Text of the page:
The reason why this call is dangerous is that his partner has now been told that the joker and all four aces are against him, and he may easily be panicked into a very large lock out call to stop you and your partner communicating. If the player whose partner has made a jump bid does hold key cards and is in a position to force you to an untenable call, and wants to be sneaky about disclosure, he should make a large enough bid to let his partner know he wants control of the hand. In general terms it is much better to follow the system than to try to beat it.
YOU MUST BE PREPARED FOR SACRIFICE CALLS.
There is hardly a game played where some sort of sacrifice play is not used. Chess and draughts abound with good sacrifices. In Aussie rules football the ball is not always moving toward the goal. In rugby there is the quick kick backwards to the touch line. Golfers know that if the direct line to the flag is blocked by an obstruction they may have to chip sideways or even away from the hole. How often in soccer do you see the ball returned to the defenders own goalie, the wrong end of the field to score goals. But it allows regrouping and preparation to launch a new attack. A bowler often gives away a few runs to lure a batsman into a false sense of security.
In 500 the early deliberate loss of no trump tricks is frequently necessary if you are going to make your bid. There is no limit on the INTELLIGENT use of sacrifice bids, and play. In 500 we must think of our greater playing field. Think about the scoreboard as if it represented a soccer field. 0 represents the centre of the field, plus 500 the goal you are aiming at, and minus 500 the goal you are defending. The area behind 0, the minus scores, are part of your playing field. Players of 500 would perhaps not be so unwilling to get into minus scores if the game was called 1000, scores to begin at 500 each. There is for some a psychological barrier about that minus before your score.
GET RID OF THAT MENTAL BLOCK. RIGHT NOW.
The player on your left has dealt. Your partner passes. He has said ten different things!!! No aces, no joker, no strength in any suit, and no no-trump support. The second caller calls six clubs. He has the ace but not the ace of spades. You have a hand with only one court card, say a solitary unsupported queen. Obviously your opponents have got all the goodies, well at least they will have if they pick up kitty. What are you to do now. If you pass you can see that unless you can intervene they will easily make a call, as indeed they already have, that will put them out. And if they really wanted to keep on calling they would easily discover their ten no trump potential. Just to allow one of them to call the joker may be fatal.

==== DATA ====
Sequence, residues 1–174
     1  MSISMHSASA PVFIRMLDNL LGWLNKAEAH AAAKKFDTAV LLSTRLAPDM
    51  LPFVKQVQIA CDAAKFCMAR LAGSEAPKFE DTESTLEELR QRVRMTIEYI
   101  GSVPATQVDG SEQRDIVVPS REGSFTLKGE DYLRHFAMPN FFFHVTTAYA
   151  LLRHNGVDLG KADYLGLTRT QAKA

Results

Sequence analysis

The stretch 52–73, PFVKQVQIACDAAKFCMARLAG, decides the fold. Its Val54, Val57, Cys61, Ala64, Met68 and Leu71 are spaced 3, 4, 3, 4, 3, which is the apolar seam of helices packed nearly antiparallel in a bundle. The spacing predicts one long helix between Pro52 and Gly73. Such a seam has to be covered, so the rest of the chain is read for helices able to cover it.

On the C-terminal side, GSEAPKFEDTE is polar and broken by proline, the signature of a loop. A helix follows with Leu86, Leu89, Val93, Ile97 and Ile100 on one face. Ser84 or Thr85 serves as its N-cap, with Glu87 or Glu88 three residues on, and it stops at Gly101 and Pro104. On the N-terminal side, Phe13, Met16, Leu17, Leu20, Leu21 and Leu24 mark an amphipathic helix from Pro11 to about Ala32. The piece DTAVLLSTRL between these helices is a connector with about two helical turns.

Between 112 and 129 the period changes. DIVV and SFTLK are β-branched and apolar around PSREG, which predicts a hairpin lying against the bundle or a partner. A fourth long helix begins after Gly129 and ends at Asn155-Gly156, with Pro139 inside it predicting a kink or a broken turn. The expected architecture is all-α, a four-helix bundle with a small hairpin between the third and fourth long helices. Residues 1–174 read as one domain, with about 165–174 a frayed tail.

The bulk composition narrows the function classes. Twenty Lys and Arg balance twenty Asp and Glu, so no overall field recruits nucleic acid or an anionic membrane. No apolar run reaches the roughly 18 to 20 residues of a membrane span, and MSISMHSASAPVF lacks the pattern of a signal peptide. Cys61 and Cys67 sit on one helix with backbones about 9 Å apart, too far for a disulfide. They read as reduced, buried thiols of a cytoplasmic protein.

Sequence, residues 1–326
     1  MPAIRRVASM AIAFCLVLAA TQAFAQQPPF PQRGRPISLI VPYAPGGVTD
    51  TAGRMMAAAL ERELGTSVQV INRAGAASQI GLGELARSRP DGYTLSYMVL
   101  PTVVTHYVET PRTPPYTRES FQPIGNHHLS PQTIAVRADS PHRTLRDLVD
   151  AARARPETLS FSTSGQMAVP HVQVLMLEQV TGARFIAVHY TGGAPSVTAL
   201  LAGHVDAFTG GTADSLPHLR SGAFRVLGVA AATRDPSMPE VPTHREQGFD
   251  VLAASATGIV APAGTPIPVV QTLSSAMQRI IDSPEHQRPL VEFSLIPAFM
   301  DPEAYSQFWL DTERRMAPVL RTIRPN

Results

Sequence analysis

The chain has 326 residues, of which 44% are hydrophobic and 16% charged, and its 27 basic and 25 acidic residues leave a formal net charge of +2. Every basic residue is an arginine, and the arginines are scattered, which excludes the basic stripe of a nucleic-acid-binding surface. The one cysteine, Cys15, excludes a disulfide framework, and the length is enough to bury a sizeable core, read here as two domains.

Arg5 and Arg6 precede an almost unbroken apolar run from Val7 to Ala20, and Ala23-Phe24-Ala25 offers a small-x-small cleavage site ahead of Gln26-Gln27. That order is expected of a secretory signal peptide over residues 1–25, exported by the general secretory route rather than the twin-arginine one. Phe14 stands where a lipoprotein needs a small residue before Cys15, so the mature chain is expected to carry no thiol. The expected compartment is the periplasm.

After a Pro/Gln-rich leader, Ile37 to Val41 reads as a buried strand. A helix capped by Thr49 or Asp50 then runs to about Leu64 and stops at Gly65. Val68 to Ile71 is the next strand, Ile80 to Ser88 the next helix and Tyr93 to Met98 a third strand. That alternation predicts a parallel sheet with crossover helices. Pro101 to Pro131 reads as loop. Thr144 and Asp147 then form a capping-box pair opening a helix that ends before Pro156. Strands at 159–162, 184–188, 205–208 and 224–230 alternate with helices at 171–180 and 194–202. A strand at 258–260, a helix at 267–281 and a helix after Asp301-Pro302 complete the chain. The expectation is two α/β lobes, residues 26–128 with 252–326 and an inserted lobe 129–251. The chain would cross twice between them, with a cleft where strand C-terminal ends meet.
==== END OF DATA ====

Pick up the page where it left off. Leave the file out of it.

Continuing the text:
So you have to make a call and you have to make it big enough to lock out communication. The very minimum call I would make with that hand would be nine no trumps, and pray that my bluff would work. In the "school" where I played most of my 500, it would not work. Nothing short of a ten no trump call would have been safe, and I would have had not the slightest hesitation in making that bid. In fact, we all got a bit cheeky, and standard procedure for this call would have been to pick up kitty, which we always understood was a ten no trump call, without the need to say anything.
The rule is that in these circumstances, the weaker your hand is, the higher must be your call, and its limit is only determined by what you can afford to call without losing the game that hand. Of course we are going to lose 520 points, so our score as we go into the next hand is minus 70, and my partner and I would make a mental note that our next limit call to go down is now reduced nine no trumps. We would not hesitate to make that call. After that we will run out of what we call "bargaining power", and hope our cards will improve next hand. It is quite astounding how often games can be won from what looks like a hopeless situation. I do not acknowledge there is a hopeless situation in 500, just opportunities to get back into the game. In just three more hands the scores could be, and often are, reversed.
Last Updated April 22, 2000